Leonard E. Wood Co-Op Scholarship

  • One awarded each Spring semester
  • One awarded each Fall semester


For Study Abroad scholarship and Financial Aid information, please check the links below:


A scholarship is an award of money that does not need to be repaid or earned through employment. Some scholarships are awarded on the basis of a student’s athletic or other special merits. Others are given solely on the basis of academic excellence. Generally, scholarships based on academic achievement are called merit scholarships.

At Purdue University, all beginning students are automatically considered for most University-wide merit scholarships. Admitted beginners are also encouraged to apply for college/school/department scholarship consideration by completing the Purdue Scholarship Application.

Other scholarships, awarded through the Division of Financial Aid (DFA), are based on the student’s academic qualifications and demonstrated financial need. Purdue University scholarships are funded by donations to the University from a wide variety of sources. Included are foundations, trusts, and bequests, as well as scholarships provided by businesses, industries, and individuals interested in supporting students.

Purdue alumni scholarships demonstrate the generosity of alumni and friends who have made gifts to the Purdue Alumni Foundation for scholarships.


Grants are similar to scholarships because they are not repaid or earned through employment. Eligibility for grants requires only that students demonstrate need and make satisfactory academic progress.


A fee remission is an award that cancels all or part of a student’s fees and/or tuition. Consequently, these are the only college expenses to which a fee remission may be applied.

Depending on the particular program, a fee remission may be similar to a scholarship (requiring above-average academic records) or a grant (requiring satisfactory academic progress). Some fee remissions are based on need, but some are not.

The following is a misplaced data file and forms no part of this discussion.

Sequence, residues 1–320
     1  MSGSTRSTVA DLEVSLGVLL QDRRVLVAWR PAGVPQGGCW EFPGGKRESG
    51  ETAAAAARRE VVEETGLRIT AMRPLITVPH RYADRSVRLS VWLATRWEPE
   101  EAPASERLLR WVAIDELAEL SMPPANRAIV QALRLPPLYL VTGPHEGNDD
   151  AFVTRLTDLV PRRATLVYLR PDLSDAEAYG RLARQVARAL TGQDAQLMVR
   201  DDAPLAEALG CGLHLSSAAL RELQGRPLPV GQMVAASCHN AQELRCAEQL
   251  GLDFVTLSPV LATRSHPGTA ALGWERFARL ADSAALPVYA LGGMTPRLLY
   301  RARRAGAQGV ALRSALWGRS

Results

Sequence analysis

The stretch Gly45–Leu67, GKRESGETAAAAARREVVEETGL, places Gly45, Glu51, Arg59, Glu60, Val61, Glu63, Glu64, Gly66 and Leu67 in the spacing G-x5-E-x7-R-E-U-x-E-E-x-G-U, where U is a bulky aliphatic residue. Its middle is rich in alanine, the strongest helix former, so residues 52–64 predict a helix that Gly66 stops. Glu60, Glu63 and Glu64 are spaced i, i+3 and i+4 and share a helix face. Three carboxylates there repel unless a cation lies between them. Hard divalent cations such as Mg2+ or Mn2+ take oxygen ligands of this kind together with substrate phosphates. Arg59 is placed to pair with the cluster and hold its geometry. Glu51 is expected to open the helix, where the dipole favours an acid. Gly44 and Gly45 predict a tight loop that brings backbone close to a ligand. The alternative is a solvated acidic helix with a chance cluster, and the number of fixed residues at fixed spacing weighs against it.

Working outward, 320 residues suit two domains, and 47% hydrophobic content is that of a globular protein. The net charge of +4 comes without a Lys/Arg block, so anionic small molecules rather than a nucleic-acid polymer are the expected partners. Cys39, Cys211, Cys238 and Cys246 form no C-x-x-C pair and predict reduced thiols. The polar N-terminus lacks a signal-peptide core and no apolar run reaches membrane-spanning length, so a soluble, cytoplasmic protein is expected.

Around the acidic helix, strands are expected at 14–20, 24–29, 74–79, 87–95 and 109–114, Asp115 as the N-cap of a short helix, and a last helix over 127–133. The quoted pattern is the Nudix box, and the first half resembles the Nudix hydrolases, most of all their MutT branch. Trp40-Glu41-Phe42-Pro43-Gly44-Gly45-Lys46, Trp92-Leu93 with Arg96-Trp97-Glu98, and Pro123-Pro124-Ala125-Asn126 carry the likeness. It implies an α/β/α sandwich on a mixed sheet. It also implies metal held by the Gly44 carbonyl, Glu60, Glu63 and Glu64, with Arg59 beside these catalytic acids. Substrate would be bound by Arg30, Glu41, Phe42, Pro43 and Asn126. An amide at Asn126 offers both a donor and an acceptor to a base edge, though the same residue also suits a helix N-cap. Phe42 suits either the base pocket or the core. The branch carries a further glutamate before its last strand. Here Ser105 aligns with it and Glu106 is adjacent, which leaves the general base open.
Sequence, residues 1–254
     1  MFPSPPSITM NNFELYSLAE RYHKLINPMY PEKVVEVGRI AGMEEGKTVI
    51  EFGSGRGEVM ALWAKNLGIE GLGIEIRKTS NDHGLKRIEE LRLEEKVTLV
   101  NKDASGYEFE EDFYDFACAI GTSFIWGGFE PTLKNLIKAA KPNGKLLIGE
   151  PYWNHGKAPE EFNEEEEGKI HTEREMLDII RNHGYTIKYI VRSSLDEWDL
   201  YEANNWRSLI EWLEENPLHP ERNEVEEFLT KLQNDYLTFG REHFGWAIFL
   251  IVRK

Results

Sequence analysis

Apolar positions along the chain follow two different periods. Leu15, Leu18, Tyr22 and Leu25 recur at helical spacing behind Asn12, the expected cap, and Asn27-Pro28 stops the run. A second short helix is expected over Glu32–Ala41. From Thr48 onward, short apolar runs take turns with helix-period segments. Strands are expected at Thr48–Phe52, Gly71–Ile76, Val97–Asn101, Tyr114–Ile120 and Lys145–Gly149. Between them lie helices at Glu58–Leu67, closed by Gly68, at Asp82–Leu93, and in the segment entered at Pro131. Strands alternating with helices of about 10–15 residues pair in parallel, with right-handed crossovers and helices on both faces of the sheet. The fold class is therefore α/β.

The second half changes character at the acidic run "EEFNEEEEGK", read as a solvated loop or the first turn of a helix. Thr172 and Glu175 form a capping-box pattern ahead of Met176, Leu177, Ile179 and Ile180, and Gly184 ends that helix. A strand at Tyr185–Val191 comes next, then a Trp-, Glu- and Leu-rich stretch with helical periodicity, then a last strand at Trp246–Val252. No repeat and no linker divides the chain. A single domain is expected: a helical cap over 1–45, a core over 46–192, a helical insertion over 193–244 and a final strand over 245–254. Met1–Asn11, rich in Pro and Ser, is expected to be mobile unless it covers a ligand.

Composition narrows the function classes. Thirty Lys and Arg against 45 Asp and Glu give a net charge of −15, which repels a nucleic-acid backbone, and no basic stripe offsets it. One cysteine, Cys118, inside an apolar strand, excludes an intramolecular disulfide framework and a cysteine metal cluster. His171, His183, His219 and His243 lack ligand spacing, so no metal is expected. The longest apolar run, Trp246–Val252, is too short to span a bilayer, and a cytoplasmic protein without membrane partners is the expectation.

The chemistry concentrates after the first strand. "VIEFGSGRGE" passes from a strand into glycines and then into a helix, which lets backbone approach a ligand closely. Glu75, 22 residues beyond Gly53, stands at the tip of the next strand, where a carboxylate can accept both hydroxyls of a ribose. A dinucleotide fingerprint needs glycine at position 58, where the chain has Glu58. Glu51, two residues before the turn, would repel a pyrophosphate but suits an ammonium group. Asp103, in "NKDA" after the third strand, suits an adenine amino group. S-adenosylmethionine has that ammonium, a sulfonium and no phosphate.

Federal tax credits may be subtracted from the tax a student or family owes or be subtracted from taxable income like a tax deduction. A student or family must file a federal tax return, and eligibility varies based upon income.


A private outside award is money given to students by persons or organizations outside the University. Such awards may range from a few hundred dollars given by a local service club to several thousand dollars awarded by a large corporation. Normally, the donor of the award selects the recipients. Donors also set eligibility and method of payment, as well as award amounts.

Consult employers, local service or professional organizations, trade unions, foundations, churches, etc., to learn more about those in your area who may be potential outside award donors. A free scholarship search is available on the Internet at www.fastweb.com.


You must file a Free Application for Federal Student Aid (FAFSA)/Renewal Application to be considered for most grants, scholarships, and fee remissions at Purdue University.

In general, students who file by the priority filing deadline will be considered for all programs for which they may be eligible. The amount of grant or scholarship assistance awarded will depend on the extent of a student’s need and the amount of funds available.


Because the number of students qualifying for aid and the amount of available funds can vary, the proportion of grants and scholarships to work-study and loans in a student’s aid package may vary from year to year.

The Division of Financial Aid uses a standardized formula to guarantee all students equal consideration for available funds. Generally, students will assume more responsibility for self-help aid (work and loans) as they progress through school. Space is insufficient to detail the formula for gift-aid eligibility. Students who have questions about how their scholarship and grant eligibility was calculated may consult with a financial aid counselor.